“I Found Out” features Brenda singing her mothers’ song; it’s a slow and sultry performance as Brenda sings with authority. The horns give good support and Junior handles the guitar nicely. Brenda also follows with a big rendition of J.B. Lenoir’s “Talk to Your Son” with a gender change from Lenoir’s original. Eddie does a sweet job on guitar and the trombone and sax stand out, too, and there is a well done organ solo to savor, too.

Demetria returns with Magic Sam’s “You Belong To Me.” She sings with her signature grit and emotions as the horns and Eddie’s guitar support her well. Senior’s “Big Town Playboy” is sung by Junior and he plays guitar, too. Skoller adds some great harp. There is also some super piano served up here, too.

Larry comes back next with his own “Penitentiary Blues.” Killer Ray Allison plays some funky guitar, the horns blow some cool stuff in support and there is a little organ so help the cause, too. Brinson returns to help Larry on Larry’s “I Paid My Dues” with the horns, organ and guitar all doing their jobs nicely.

This tough, old-school session includes 13 songs performed by the Taylor family’s second and third generations: with five written by Eddie Taylor, one by Vera Taylor, four by Larry Taylor and three blues covers.

It’s truly a blues family affair. And since that family is steeped in the deep tradition of Chicago’s West Side blues, it’s blues with a feeling, doubled down on by these rich family connections. The entire session breathes new life into the classically tough Eddie Taylor songbook and adds a pair of blues chestnuts for good measure.

Eddie Taylor Jr. plays guitar on nine tracks recorded before his death in 2019. Larry Taylor handles most of the vocals, Larry’s son, Lil’ Jet, raps on an adaptation of Bill Withers’ “Ain’t No Sunshine.” Sisters Brenda and Demetria contribute fiery vocals and brother Tim handles most of the drums.

Larry Taylor opens it all up with a hard-driving “She Treats Me Just the Same” with relentless drums and stinging guitar and the harp-backed shuffle “Take Your Hand Down”; Demetria Taylor follows with a scorching vocal on “Bad Girl.” Johnny Taylor slips in with the bouncy “I Feel Do Bad,” then Brenda Taylor takes the next two fierce turns with “I Found Out” (a Vera Taylor composition) and “Talk to Your Son” (from J.B. Lenoir).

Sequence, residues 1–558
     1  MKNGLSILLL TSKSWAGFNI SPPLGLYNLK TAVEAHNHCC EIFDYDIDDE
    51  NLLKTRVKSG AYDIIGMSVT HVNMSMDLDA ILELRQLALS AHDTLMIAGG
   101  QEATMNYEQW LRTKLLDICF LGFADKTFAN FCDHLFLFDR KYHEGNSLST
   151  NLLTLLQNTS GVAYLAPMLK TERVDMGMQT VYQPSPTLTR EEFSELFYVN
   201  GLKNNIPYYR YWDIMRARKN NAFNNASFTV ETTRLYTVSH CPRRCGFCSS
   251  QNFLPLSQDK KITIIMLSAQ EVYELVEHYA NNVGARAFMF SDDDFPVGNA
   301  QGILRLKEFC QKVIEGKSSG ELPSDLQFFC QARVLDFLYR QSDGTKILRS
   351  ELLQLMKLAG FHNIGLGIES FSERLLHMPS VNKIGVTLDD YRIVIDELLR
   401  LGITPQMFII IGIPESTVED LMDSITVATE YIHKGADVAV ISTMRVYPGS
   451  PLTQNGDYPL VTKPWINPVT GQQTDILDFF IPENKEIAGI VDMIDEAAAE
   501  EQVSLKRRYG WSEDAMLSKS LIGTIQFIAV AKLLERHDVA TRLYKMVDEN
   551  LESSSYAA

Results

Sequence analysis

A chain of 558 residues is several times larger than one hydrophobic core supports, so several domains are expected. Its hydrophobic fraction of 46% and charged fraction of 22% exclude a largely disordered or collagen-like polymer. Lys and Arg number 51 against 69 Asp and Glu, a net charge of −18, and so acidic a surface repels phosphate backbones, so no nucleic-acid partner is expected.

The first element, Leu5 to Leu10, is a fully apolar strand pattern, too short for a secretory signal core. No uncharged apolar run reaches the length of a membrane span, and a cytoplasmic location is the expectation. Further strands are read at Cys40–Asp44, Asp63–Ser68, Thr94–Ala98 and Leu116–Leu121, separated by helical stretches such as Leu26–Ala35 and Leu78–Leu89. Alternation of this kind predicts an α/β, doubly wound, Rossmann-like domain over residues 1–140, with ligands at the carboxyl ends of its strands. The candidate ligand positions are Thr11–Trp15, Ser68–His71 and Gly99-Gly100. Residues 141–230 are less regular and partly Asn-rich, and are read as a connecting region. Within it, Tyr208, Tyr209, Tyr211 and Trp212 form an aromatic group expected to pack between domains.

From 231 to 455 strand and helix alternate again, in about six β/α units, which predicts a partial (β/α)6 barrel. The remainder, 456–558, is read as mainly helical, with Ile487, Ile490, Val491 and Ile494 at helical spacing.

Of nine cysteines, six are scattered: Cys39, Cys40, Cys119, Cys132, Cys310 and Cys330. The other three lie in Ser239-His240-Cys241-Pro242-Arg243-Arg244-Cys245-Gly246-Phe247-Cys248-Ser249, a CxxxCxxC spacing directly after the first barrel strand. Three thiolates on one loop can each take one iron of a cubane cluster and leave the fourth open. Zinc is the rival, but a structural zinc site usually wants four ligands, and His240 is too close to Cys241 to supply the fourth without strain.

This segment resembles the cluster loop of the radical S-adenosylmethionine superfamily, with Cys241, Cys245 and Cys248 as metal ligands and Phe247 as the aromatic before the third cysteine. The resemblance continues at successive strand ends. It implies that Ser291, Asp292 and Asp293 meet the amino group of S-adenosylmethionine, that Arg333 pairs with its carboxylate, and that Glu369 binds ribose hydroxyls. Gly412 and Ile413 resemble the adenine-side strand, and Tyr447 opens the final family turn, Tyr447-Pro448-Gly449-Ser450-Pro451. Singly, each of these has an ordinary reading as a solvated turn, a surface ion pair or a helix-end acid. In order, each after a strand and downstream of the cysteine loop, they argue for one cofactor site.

Demetria comes back hard on Magic Sam’s “You Belong to Me;” Eddie Taylor Jr. offers fine take of “Big Town Playboy:” then Larry carries on with a “Penitentiary Blues,” “I Paid My Dues,” then Larry’s son, Lil’ Jet raps “No Shine.” Larry returns for a swinging “Jump Down American Queen,” and the closer is the gorgeous harp-centric instrumental, “Larry & Eddie Jr.’s Groove.”

Liljet2x gives us his “No Shine,” a slick rap with the third Taylor generation showing his chops. The guitar (Ice Mike Thomas), organ and drums help keep the rap flowing as Liljet2x both fronts and sings backup on the track. Larry’s Jump Down American Queen is up next; he leads a funky jam with the horns doing a super job and Allson nailing the guitar lead. The final cut is an cool instrumental “Larry & Eddie Jr. Groove (Blues In The Rain).” Junior’s guitar rings, Skoller’s harp sings and the piano flows with the great groove based on Eddie Senior’s song. It’s a sweet ending to a great family reunion. It’s a greasy and delightful cut!

The Taylor family does their mother and father proud with this baker’s dozen of cuts keeping the west side blues alive. Lover’s of great Chicago blues will truly enjoy this family blues affair!

Generations of Blues: West Side Legacy | Larry Taylor

Verified by MonsterInsights